Five Tips for Writing Eyeball-Grabbing Headlines

by Meryl K Evans | Category: Meryl's Notes Blog, Writing 1 comment

If you made it this far, the headline for this story has caught your attention. Hot headlines are a hit with readers because they stick out, grab attention and urge them to read the rest of the story.

We’re all experiencing information overload and have made it a habit to skim pages. According to David Ogilvy, a successful advertising writer, “Five times as many people read the headlines as read the body copy.” Sounds like we need to treat those headlines like trying to get our foot in the door.

It doesn’t matter if you’re writing a sales letter, Web page content, email, or an article. Pulling together a handful of powerful words and putting them ahead of the content is more likely to grab eyeballs than just going right into the story, letter, or content.

Despite our success with newsletters, we continue to learn how to add more punch when writing headlines. Here are the tips we have learned and try to apply:

  1. “What does the reader get from this?” The answer to your question can be the baseline for the headline. From there, modify it to ensure it has easily understood and expressive words. This addresses the “What’s in it for me?” question. You can almost never go wrong with headlines that convey reader benefit.
  2. Keep It Short and Simple (KISS). It continues to hold true even with headlines. If it is too long, the reader isn’t going to be able to swallow it with one gulp and will move on before figuring it out.

    Try summarizing the content in 10 words or less and make it your benchmark. Play with it until you come up with something snappy without being unbelievable. Another way to go about it is to treat headlines like a billboard. Speeding cars make it easy to overlook the billboard’s message, so it better be short and simple.
  3. Be diverse. Often, I find that many headlines from a source sound repetitive since they repeatedly use the same type words and phrases. If you’re out of ideas, use a thesaurus to help you find new words. Another option is to search for keywords in the content and use them.
  4. Believable. When I see a headline that sounds “too good to be true,” it immediately looks and feels like “spam” and it’s trashed or skipped over.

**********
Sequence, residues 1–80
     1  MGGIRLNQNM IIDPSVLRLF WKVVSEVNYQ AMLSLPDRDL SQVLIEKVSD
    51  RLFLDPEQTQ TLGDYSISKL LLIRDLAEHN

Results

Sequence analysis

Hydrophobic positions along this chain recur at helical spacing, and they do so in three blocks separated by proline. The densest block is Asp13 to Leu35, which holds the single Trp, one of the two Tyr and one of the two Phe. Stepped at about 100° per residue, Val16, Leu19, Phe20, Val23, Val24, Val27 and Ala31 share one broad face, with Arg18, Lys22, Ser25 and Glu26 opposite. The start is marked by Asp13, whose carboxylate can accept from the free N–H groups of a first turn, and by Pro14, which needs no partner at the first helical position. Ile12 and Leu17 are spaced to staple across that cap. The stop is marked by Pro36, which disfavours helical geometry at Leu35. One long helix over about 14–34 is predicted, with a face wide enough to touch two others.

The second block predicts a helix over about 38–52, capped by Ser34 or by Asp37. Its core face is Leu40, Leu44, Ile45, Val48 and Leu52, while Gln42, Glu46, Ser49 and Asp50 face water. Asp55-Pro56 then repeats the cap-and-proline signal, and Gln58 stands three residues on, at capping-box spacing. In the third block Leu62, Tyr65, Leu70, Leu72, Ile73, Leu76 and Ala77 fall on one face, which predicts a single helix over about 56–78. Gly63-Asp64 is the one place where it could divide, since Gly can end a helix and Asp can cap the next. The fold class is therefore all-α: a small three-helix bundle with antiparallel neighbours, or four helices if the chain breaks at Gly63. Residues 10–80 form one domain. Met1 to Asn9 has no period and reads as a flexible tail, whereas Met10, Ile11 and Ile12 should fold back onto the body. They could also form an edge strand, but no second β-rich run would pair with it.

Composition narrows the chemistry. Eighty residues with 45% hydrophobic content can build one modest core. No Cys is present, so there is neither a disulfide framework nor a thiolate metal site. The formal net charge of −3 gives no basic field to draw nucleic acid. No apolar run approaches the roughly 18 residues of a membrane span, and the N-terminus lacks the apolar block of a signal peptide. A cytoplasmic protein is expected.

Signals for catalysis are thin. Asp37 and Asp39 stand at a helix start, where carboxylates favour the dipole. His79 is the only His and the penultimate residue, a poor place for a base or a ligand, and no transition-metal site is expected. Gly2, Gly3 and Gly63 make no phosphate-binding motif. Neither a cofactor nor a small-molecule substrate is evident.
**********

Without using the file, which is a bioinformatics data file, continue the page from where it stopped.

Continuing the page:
5. Emotional. Headlines that make a reader excited, scared, or curious produce better results because they prompt action. Write in the first or second person with present tense verbs to make such headlines urge people to take instant action.

If you have the luxury of conducting a headline test and getting a report of results, then send out your content to half of your test audience with one headline and the other half with the other headline. Review the report to see how many actually read the story for each headline and compare.

Another option is to have your colleagues review several headlines and pick which works better.

Work smarter not harder when writing headlines and make a whizbang first impression. Expend as much energy in the headline as you do writing the rest of the content. If that doesn’t happen, then few will read beyond the headline. Here are some typical words to help you get rolling:

Advice… Facts… Last Minute… Save… Amazing… Finally… Secrets… Announcing… Free… Luxury… Security… At Last… Growth… New… Show Me… Bargains… Hate… Obsession… Breakthrough… Here… Only… Share… How Much… Protect… The Truth Of… Discover… How To… Rewards… Yes… Do You… How Would… Sale… You… # Tips… # Ways… Don’t Buy… Don’t Spend…

There is no rule that says headlines have to be dull, flat, or full of technical jargon to ensure professionalism. Go have a ball writing headlines.

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